Fortnight Literary Press
Fortnight Literary Press vi.ii
CONTENTS 2 3 4 6 8 10 11 12 14 16 17 Editors Layout Editor Editorial Staff
Liam Schilling Sarrah Hakim Hannah Bates Maria Robins-Somerville Mia Liccardi Sonallee Joshi Colin James Rebecca Lerner Lucy Zhao Ilana Bodker Lauren Quinlan
That Song Collecting A Challenge: Touch Her Ruach Still Water Lake Erieâ€™s Pull What You See BLACK SHEEP Sunday Best Genesis November Afterthought
Leela Denver, Jared Frank Giuliana Eggleston Jenny Wang, Michael Kaler, Sarrah Hakim, Ilana Bodker, Michelle Hoban, Mia Licciardi, Marci Hickey, Brett Phillips, Julia Grant, Isabel Sandweiss, Michelle Torby, Danielle Colburn, Lakyrra Magee
Funded by the Student Organization Funding Committee of Central Student Government
That Song Liam Schilling She dances along my canyons, Filling them with her song. She bellows loud at night, Although she knows it to be wrong. She plays her stolen fiddle, At moments inopportune. While most spend nights sleeping, She screams serenades to the moon. And now she lays beside me, Through age her song withdrawn. I beg, I plead, I scream, Play on, play on, play on.
Collecting Sarrah Hakim I sit here gathering a basket of sun, the light touch of a warm breeze, and the soft whisper of the wind to the trees, gracing each leaf with a kind word; I am collecting the rough bark against my back and each crumbling speck of dirt that kisses my hands, my legs, and the underside of my thighs; I snatch up every drop in the pool of sky â€“ the expanse of blue and the frothy white foam â€“ and I store the vast framework above me: the maze of gentle branches, each long limb offering a hand to a furry friend; I take every slender green finger that tickles my skin, every sip of fresh air that fills my lungs, and every leaf napping on a comfortable bed of grass, So that when the days come of powdered sugar and cold peppermint breaths, of frosted windowpanes and silvery mornings, I can open my collection And reach for my basket of sun.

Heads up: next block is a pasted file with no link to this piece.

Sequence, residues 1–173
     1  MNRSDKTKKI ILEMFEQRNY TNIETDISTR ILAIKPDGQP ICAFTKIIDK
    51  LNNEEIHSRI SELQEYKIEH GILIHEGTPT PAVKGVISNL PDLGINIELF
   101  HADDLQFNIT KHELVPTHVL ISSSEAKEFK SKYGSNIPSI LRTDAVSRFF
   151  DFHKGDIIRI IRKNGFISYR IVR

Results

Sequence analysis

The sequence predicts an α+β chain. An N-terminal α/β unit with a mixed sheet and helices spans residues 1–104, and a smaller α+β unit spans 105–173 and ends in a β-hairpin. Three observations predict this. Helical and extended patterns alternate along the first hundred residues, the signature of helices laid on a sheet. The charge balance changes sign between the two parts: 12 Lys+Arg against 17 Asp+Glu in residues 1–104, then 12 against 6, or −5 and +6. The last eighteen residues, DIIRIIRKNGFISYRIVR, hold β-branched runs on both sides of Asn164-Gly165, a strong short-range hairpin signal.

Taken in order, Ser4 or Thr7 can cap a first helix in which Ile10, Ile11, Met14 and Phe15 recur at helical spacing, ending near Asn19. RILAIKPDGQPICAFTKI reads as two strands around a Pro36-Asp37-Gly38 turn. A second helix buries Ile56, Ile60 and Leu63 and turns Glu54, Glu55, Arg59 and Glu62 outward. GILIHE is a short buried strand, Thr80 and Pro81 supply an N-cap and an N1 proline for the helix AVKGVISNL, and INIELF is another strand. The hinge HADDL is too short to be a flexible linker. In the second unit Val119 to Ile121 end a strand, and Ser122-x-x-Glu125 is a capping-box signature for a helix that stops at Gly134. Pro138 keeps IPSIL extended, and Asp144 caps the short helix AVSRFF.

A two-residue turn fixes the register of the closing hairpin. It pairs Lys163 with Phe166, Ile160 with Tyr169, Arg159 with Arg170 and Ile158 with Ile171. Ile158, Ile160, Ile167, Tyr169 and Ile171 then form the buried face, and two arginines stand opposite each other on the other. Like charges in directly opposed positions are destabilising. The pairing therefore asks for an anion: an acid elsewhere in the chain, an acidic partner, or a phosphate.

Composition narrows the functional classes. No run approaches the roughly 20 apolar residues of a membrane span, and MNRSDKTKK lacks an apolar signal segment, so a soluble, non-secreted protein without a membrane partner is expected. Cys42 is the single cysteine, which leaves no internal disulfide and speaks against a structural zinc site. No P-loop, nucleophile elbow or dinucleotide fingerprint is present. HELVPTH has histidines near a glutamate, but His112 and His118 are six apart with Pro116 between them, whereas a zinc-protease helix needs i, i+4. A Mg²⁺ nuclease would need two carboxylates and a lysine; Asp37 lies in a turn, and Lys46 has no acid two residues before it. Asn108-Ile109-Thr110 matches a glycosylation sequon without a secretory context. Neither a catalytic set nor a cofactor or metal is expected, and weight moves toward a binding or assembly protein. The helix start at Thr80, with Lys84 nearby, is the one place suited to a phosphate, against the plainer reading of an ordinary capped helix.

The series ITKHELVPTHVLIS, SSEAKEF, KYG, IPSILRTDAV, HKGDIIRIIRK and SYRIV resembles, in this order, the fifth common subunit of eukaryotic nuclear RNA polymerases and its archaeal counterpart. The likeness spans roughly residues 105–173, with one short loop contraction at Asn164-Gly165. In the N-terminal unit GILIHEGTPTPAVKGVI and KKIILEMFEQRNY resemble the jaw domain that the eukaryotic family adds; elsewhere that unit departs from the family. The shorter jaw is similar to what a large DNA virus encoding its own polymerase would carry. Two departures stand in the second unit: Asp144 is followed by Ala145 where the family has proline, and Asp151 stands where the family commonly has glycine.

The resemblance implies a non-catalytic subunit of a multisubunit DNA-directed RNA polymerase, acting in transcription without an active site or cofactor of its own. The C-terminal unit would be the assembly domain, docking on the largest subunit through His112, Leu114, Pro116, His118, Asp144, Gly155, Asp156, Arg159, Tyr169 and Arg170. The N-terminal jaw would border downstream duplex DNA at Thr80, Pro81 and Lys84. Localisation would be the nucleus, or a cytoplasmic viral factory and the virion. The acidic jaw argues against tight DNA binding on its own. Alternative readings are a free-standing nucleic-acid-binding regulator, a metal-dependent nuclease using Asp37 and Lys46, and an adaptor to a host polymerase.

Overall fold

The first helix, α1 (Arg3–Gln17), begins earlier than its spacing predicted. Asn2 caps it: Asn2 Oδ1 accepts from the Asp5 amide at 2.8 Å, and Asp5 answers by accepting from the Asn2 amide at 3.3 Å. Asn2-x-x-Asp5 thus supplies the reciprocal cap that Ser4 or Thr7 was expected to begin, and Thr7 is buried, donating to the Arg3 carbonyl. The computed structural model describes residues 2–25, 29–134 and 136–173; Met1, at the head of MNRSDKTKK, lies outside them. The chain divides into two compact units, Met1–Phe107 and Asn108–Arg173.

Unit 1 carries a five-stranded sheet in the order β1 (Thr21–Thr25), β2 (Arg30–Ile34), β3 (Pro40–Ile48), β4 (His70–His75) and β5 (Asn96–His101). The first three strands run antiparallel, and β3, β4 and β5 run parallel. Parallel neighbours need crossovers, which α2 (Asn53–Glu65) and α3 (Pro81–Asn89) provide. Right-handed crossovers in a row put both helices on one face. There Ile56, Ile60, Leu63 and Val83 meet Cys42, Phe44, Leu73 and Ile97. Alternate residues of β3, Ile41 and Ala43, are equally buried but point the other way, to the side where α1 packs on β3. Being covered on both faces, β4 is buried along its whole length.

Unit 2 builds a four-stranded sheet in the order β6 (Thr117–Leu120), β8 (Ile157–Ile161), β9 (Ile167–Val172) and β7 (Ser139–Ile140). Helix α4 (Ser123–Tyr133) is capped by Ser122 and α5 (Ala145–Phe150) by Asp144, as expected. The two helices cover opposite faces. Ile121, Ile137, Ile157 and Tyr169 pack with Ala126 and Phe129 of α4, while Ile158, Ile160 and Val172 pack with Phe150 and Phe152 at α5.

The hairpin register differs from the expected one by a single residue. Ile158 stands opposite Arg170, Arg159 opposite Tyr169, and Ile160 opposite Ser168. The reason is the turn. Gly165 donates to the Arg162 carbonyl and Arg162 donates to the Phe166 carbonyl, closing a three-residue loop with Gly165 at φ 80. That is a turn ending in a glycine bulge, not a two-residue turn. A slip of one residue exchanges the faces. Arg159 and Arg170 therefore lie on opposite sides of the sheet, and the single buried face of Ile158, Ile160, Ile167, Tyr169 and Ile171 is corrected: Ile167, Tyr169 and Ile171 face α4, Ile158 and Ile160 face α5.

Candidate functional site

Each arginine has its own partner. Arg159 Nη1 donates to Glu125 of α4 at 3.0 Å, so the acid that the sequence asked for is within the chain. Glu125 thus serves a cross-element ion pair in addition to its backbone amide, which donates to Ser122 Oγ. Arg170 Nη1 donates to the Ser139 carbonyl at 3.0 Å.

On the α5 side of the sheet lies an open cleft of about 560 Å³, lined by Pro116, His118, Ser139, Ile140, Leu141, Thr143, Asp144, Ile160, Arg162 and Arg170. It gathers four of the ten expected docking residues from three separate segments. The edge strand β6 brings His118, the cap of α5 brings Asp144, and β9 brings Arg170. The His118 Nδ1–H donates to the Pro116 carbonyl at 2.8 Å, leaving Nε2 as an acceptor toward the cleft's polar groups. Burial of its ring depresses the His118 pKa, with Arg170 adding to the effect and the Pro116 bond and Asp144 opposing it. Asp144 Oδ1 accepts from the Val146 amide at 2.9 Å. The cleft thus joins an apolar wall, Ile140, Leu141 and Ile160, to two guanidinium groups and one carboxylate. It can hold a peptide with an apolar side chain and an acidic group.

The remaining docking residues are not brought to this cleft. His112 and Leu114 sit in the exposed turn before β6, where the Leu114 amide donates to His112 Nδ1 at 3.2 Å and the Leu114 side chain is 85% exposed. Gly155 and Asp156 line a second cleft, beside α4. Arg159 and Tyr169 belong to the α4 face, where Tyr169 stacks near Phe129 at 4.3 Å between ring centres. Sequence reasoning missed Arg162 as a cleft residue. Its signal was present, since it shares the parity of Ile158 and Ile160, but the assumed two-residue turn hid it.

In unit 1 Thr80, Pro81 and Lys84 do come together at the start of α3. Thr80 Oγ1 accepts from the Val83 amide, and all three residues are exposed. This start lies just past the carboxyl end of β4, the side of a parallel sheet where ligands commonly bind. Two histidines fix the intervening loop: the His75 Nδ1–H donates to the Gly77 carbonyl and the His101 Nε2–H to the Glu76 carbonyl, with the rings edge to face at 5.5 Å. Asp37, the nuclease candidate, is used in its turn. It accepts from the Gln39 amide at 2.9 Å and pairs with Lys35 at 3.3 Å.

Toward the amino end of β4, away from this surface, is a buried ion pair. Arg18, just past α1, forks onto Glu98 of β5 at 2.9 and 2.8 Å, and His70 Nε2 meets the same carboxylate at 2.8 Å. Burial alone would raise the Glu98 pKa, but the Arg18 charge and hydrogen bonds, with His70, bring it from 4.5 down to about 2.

A Challenge: Touch Her Hannah Bates I. You find a little purple bruise on her elbow that dots her skin a glass marble. It’s staring at you, burgundy-eyed, swirled yellow iris, black scab pupil. She lets your eyes trace the way it echoes down her forearm, the mauve and navy bloom across her bony shoulder, and she won’t let you brush the auburn hair off her neck to see what has blossomed. She tells you “Don’t say anything to mom.” You swear. You wrap your arms around your knees, holding them close to your chest, and she leans against them without ever really touching you.
II. Spring lures your matchstick legs from stiff denim, and the sun tinges your skin olive. She’s a tiptoeing version of you, and she follows you back inside the melancholy of your gray house without you ever really noticing. Her door is cracked open just enough that she can hear your parents quarrel over how many times to believe someone when they say they fell, and you cross the creaking hallway to her bedroom so she can lean against your knees while you braid her auburn hair. She lets you touch her elbow with the little purple bruise, so you pull her into your lap. She whispers in your ear that she didn’t really fall, so you whisper in hers “I know.”
Ruach Maria Robins-Somerville Unpacked t-shirts still smell like desert Israel, I think I am falling in love with you Maybe because I ate too much yellow sand for breakfast my lunch tasted of oil and bargains. For dinner I cut my lip on the mountains